Mark Cuban is wrong even when he’s right

Mark Cuban is his usual out-of-focus self with a post (Hulu is kicking Youtube’s ass) declaring Hulu the winner over YouTube. The problem, of course, is that these two companies are not now and have never been in competition, although Cuban thinks otherwise. To Mark, YouTube has always been about the theft of copyrighted material, so he never really bothers to examine what makes it hum.

It’s all about the money to Mark. A media business can only exist if its revenue model is built around scarce content, so he proclaims Hulu king and makes a prediction:

…by next year, not only will Hulu have more monetizable traffic than Youtube, but it will have more total revenues than Youtube as well. It wouldn’t sup rise (sic) me if they are already at a higher annual run rate than Youtube.

Here’s the thing. Mark’s probably right, but in thinking of YouTube only in sustainable business model terms, he misses the larger picture and continues to prove himself ignorant about the Web. Sometimes there are legitimate reasons to do things contrary to the P&Ls of the past, if they work towards a longer term return (why doesn’t Google sell ads on its home page?). He has always viewed YouTube through biased eyes (those damned thieves), and for a smart guy, he sure comes up short here.

“Youtube hides behind the Digital Millennium Copyright Act,” he writes, as if its reason for being is to steal copyrighted material and profit from it. If it looks like a red herring and smells like a red herring, then it’s probably a red herring.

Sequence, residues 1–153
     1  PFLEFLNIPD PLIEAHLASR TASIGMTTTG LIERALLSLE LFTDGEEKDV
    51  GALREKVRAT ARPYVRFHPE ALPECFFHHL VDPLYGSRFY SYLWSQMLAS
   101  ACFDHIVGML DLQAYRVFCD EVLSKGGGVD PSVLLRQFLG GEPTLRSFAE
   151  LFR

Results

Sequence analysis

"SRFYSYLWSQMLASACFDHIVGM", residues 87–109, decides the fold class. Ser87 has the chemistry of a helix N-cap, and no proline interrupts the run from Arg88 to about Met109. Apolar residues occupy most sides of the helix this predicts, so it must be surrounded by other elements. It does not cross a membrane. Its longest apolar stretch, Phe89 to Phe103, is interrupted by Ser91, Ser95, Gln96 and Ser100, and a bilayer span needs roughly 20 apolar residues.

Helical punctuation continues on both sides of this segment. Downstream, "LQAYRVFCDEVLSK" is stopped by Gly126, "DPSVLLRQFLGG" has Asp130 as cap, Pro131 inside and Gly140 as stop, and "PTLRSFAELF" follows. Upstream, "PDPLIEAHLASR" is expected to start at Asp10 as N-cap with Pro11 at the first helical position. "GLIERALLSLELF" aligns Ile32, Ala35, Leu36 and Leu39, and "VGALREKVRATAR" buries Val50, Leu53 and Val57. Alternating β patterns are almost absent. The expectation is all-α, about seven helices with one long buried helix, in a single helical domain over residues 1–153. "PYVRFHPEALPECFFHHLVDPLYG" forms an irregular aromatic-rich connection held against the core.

YouTube is about sharing, people sharing what they see and what they make, things we’ve been doing since before the term “media” referred only to the home of the Medes. In the 15th Century, the Roman Church didn’t want the Bible being shared with the laity, because they felt they “owned” it. I took my 45s with me to friends’ homes back in the 50s, so that they could hear the music too. Back then, the record industry knew that exposing people to the music was the best chance they had to sell another record.

YouTube’s tentacles within the personal media revolution go on for miles, because people don’t use it to view stolen goodies. Its business model hasn’t been written yet, and those who insist on looking for one just don’t have the patience to wait. I use YouTube to post videos that I’ve made on my MySpace page. There are lots of ways I could do that, but the Flip camera and YouTube make other options seem obsolete. How does YouTube gain from that? For one thing, they keep anybody else from charging fees or profiting from interruptive commercials, and in so doing, buy time for an acceptable business model to develop.

But that’s not the point. We’re in another Gutenberg moment here and the “church,” led by priests like Cuban, want absolute control over material the law tells them they own. I don’t think anybody objects to that concept, but the more people like Cuban press the matter, the more unseemly the whole thing seems.

I love Hulu and have expressed that love before. I watch “House” via Hulu, and while I wonder why there’s such an emphasis on clips from shows instead of the shows themselves, it’s a great experience. But I go to Hulu knowing what I’m getting, just as I go to YouTube knowing what I’m getting.

They’re two different things.


  1. Denial is not a river in Africa but Media is (also) a town outside of Philly.


  1. […] I also think that Ashkan Karbasfrooshan of WatchMojo has a point when he says that to some extent YouTube and Hulu are apples and oranges. In other words, they are kicking different asses, so to speak. Terry Heaton makes a similiar point on his blog. function fbs_click() {u=location.href;t=document.title;‘’+encodeURIComponent(u)+’&t=’+encodeURIComponent(t),‘sharer’,‘toolbar=0,status=0,width=626,height=436’);return false;} html .fb_share_link { padding:2px 0 0 20px; height:16px; background:url( no-repeat top left; }Post it | Share This | Related links […]

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